Monday, January 25, 2016

Prepping Students for Recitals

It's that time of year when I'm preparing my students for our big Spring solo recital.  This is the biggest recital of the year for my students and a lot of preparation goes into getting ready.  I was excited to see an idea from an amazing piano teacher, Karen Hunter, who gave me a lot of great ideas for my violin students as well and I've asked her to write today's post:

The week my students choose their spring recital pieces is (by my students’ own admission) a highlight in my piano studio.  I teach 70 students in three teaching venues, so I begin the music “vetting” process in summer.  Two of my three recitals have themes, so the selection process is slightly easier for those recitals.  Students spend much of their first lesson of the new year listening to me play recital piece options and, ultimately, they select one.

The Saturday morning before lessons resumed in 2016, I spent some time perusing piano teaching ideas on Pinterest.  Something I read triggered the thought that if students are to spend 12 l-o-n-g weeks working on a single song to perform at the spring recital, perhaps it would be beneficial to have the students get familiar with the song and its composer before learning to play it.

That thought morphed into the creation of the “Recital Piece Hunt” worksheet which students were to complete for the second lesson of the new year.  Reviewing students’ responses with them provided many teachable moments.  For example:
  • Younger students discovered that songs have a “form”—a kind of map of a piece.
  • Many students were reminded that a song without sharps or flats may not necessarily be in the Key of C Major.  This resulted in a review of relative major and minor scales.
  •  Students became acquainted with the various “articulations” used in their pieces.  What exactly is tenuto?
  • Students googled “rubato” and other unfamiliar performance instructions.
  • We discussed metronome markings and googled the definition of circa (as in ♪=ca.60).
  •  Younger students were skeptical that a quarter note could receive two beats (in 3/8 or 6/8 time). 
  • One student couldn’t wait to tell me that her composer (Robert Vandall) had a wife whose name was Karen!  Same as you, Mrs. Hunter!

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As my students proceed with learning their pieces, I’m confident that they have adequate background into their pieces and their composers.

To provide students with a “visual” of their progress in learning their pieces, I created “Scoops to a Great Performance” contest cards.  As students move from hands apart to hands together, from slow to performance tempo, to adding pedal and dynamics, I mark another scoop on their 7-scoop cone.  When the piece is performance-ready and (hopefully) memorized, the student receives a token for a free scoop of custard from our local custard stand.  Prepping a piece for performance is a step-by-step process.  I hope this contest encourages my students every step of the way!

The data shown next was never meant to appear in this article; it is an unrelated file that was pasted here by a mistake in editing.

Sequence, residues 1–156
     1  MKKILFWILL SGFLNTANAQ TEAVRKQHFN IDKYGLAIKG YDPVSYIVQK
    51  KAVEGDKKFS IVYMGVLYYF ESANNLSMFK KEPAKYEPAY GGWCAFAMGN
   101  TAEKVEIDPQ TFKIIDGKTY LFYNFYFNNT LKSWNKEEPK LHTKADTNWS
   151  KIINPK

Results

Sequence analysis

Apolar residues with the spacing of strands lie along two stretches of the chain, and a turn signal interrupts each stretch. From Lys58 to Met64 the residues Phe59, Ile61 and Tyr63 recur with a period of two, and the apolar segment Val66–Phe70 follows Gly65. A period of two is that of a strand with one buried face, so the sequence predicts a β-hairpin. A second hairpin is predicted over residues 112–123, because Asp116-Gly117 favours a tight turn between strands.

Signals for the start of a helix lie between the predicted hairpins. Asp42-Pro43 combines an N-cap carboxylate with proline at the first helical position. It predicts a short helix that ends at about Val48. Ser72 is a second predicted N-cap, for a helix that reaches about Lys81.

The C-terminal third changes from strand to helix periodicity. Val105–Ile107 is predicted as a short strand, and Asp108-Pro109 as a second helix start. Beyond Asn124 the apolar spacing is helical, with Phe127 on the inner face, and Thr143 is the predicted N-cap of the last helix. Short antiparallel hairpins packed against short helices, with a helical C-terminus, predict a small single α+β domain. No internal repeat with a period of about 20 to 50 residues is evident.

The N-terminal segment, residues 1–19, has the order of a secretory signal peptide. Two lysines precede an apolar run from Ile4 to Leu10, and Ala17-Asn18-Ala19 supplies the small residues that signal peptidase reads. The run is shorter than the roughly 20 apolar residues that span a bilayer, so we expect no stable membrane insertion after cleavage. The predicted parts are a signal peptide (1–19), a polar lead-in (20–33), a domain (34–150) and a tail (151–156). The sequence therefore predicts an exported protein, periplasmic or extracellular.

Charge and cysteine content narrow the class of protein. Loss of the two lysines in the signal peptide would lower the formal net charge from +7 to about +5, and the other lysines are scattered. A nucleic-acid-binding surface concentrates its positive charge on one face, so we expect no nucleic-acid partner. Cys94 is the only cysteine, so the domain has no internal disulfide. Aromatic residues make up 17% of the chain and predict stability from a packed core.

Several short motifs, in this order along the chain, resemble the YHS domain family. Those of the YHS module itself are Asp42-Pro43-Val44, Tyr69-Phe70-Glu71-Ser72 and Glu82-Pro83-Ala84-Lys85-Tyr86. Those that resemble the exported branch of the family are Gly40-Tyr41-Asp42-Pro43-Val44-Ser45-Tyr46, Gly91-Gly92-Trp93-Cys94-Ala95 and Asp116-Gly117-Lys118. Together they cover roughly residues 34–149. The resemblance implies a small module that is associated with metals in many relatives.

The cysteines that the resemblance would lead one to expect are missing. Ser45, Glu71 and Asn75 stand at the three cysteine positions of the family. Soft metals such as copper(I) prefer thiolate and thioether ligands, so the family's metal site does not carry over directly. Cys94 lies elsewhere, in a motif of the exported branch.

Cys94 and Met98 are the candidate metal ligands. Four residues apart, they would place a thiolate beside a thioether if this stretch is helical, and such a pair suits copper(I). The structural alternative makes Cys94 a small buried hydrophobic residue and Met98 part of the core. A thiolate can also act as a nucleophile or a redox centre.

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1 comment:

Unknown said...

Sometimes, for me, getting students the music they want entails me transcribing a particular pop song for them, that involves a lot of decisions for me about trying to be true to the original melody so the students can play along with the track (key, rhythm, register, etc) or transpose the piece to an easier key and with a simplified rhythm which will enable them to play it more easily. Sometimes giving them a very difficult transcription which is clearly beyond their current abilities is an excellent motivator, and sometimes it isnt, every student is a unique individual who responds to a wide range of positive or negative reinforcements- some will rise to the challenge and work their butts off to be able to conquer the piece and some will curl up in a little tearful ball and quit. One parent came up with an excellent motivator for her daughter (who was a very commercially minded girl), she paid her $5 for every day that she practiced on her own for 30 minutes or more- but at the end of the week the child had to pay for her lesson herself. Pretty quickly the student realized that if she practiced 7 days a week she would be turning a $10 profit weekly, and promptly doubled her efforts at home. Everyone is different, and part of our job as teachers is learning what makes each pupil tick, and helping them develop good discipline which will reward them with a wealth of achievements, both in music and life. This is the way we do it at my studio,